Stephen Bannon appeared at a Dec. 11 rally for Roy Moore, where he said 'there's a special place in hell for Republicans who should know better' than to reject Moore (Photo: Facebook/Roy Moore)

Stephen Bannon appeared at a Dec. 11 rally for Roy Moore, where he said ‘there’s a special place in hell for Republicans who should know better’ than to reject Moore (Photo: Facebook/Roy Moore)

A friend and adviser of Donald Trump quoted in a controversial upcoming exposé of the White House calling the president “stupid” says the author put words in his mouth, casting doubt on other sensational claims that rocked the administration Wednesday, including that Trump didn’t want to win the election.

Thomas J. Barrack told the New York Times the quote attributed to him by Michael Wolff in “Fire and Fury: Inside the Trump White House” is “totally false.”

Wolff quoted Barrack telling a friend that the president is “not only crazy, he’s stupid.”

But Barrack commented Wednesday: “It’s clear to anyone who knows me that those aren’t my words and inconsistent with anything I’ve ever said.”

Barrack told the Times that Wolff never vetted the quotation with him for accuracy.

Critics of Wolff noted that in a review of his 1997 book “Burn Rate,” the now defunct media-watchdog magazine Brill’s Content accused Wolff of “apparent factual errors” and said that more than a dozen of the subjects he mentioned in the book complained that Wolff had “invented or changed quotes.”

Former senator Tom Coburn provides the solution to how “we the people” can finally wrest control from Washington insiders in “Smashing the DC Monopoly,” available at the WND Superstore.

At the center of White House news Wednesday was President Trump’s response to charges in the book attributed to former chief strategist Steven Bannon, who Wolff claims called Donald Trump Jr.’s meeting with a Russian lawyer during the 2016 campaign “treasonous.”

Trump replied Wednesday with a sharp statement dismissing Bannon, who came aboard late in the campaign as chief executive and served for seven months in the White House, as a selfish figure of little influence who has “lost his mind.”

“Steve Bannon has nothing to do with me or my Presidency. When he was fired, he not only lost his job, he lost his mind,” Trump said in emailed retort, reported Bloomberg News.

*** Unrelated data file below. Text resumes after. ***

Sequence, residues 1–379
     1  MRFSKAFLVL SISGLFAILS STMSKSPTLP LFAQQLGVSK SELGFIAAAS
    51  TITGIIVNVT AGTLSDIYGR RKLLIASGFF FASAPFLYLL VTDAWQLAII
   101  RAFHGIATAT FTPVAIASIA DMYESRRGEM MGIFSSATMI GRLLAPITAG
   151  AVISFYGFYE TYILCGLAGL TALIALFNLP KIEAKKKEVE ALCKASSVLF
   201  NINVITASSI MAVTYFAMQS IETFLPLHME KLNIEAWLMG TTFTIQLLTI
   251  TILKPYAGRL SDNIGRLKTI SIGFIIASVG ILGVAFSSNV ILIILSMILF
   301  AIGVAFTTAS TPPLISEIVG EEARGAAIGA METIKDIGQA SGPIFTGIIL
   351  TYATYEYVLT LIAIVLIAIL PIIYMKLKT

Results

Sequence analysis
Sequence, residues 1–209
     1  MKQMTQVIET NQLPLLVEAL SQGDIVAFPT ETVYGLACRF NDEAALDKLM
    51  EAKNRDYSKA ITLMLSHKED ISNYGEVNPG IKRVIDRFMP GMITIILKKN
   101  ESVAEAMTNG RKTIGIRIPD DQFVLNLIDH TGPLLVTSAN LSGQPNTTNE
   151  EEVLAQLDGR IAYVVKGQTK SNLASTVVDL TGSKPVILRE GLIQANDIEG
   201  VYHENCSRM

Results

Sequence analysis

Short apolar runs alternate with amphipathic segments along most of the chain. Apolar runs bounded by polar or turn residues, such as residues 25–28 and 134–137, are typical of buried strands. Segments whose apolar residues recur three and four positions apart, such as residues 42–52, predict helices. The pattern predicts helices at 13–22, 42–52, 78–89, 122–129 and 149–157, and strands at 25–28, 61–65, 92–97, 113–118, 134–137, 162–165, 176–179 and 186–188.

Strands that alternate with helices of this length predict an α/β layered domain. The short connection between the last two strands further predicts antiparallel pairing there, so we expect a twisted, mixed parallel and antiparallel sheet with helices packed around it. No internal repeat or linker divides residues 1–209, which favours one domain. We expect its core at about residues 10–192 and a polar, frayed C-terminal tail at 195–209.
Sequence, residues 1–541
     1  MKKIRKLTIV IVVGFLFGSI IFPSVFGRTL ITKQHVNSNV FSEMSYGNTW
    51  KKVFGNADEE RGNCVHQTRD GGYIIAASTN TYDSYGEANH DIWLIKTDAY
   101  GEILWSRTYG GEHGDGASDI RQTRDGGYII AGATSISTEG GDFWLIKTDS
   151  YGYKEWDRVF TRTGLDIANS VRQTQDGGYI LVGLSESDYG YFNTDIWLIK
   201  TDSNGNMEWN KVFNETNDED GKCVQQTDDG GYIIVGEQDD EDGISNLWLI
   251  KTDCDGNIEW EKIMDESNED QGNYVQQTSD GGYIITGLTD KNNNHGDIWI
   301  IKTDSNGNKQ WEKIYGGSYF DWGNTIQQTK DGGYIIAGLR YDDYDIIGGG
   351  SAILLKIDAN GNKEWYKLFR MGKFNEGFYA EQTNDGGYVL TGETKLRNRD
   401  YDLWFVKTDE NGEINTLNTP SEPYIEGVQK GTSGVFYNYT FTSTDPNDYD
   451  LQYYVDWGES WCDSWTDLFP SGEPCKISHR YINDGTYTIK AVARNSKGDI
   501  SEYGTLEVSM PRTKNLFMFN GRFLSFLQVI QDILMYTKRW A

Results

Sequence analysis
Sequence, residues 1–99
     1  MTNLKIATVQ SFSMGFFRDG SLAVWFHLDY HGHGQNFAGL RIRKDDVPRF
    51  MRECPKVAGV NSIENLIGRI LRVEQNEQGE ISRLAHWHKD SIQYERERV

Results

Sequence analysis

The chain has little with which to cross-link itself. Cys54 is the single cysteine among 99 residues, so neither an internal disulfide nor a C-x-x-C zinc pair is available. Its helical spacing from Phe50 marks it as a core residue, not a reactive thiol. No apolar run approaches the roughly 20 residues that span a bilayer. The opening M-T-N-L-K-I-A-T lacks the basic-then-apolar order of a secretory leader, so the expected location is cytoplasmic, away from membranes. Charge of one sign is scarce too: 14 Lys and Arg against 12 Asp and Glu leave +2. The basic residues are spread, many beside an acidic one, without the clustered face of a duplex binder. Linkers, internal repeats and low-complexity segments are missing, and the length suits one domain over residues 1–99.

donald-trump-wh-vid-600-jpgTrump said Bannon “was a staffer who worked for me after I had already won the nomination by defeating seventeen candidates, often described as the most talented field ever assembled in the Republican party.”

“Now that he is on his own, Steve is learning that winning isn’t as easy as I make it look.” Trump said.

The president also blamed Bannon for losing the U.S. Senate seat in Alabama last month by supporting Roy Moore as the Republican nominee.

“Steve had very little to do with our historic victory, which was delivered by the forgotten men and women of this country. Yet Steve had everything to do with the loss of a Senate seat in Alabama held for more than thirty years by Republicans,” Trump said.

“Steve doesn’t represent my base — he’s only in it for himself.”

Trump said Bannon “pretends to be at war with the media, which he calls the opposition party, yet he spent his time at the White House leaking false information to the media to make himself seem far more important than he was.”

“It is the only thing he does well. Steve was rarely in a one-on-one meeting with me and only pretends to have had influence to fool a few people with no access and no clue, whom he helped write phony books,” Trump said.

The president said there are “many great Republican members of Congress and candidates who are very supportive of the Make America Great Again agenda.”

“Like me, they love the United States of America and are helping to finally take our country back and build it up, rather than simply seeking to burn it all down,” Trump wrote.

Trump was responding Wednesday to a report by the left-leaning Guardian newspaper of London quoting Bannon in Wolff’s upcoming book.

The book has Bannon describing the June 2016 meeting at Trump Tower in New York between Donald Trump Jr., son-in-law Jared Kushner, then campaign chairman Paul Manafort and Russian lawyer Natalia Veselnitskaya as “treasonous” and “unpatriotic,” according to the Guardian.

WND reached out to Bannon for comment but has not received a response.

Bannon, writes Wolff, believes the special counsel investigation by Robert Mueller into alleged collusion by the Trump campaign with Russia has been all about money-laundering, and the path to implicating the president runs through his son, son-in-law and Manafort. Manafort, Trump’s one-time campaign manager, has pleaded not guilty to charges of fraud, conspiracy and money laundering related to his lobbying work in Ukraine before the campaign.

“They’re going to crack Don Junior like an egg on national TV,” Bannon told Wolff, the paper reported.

The book, “Fire and Fury: Inside the Trump White House,” is based on more than 200 interviews with the president, his inner circle and other players, the Guardian reported.

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Bannon said, according to the paper’s account of the book, the FBI should have been notified immediately regarding the Russian contacts, but instead, “three senior guys in the campaign thought it was a good idea to meet with a foreign government inside Trump Tower in the conference room on the 25th floor – with no lawyers. They didn’t have any lawyers.”

The former chief strategist commented “that’s the brain trust that they had.”

Bannon speculated, the Guardian reported, that Trump Jr. had involved his father in the meeting.

“The chance that Don Jr did not walk these jumos up to his father’s office on the twenty-sixth floor is zero,” Bannon said.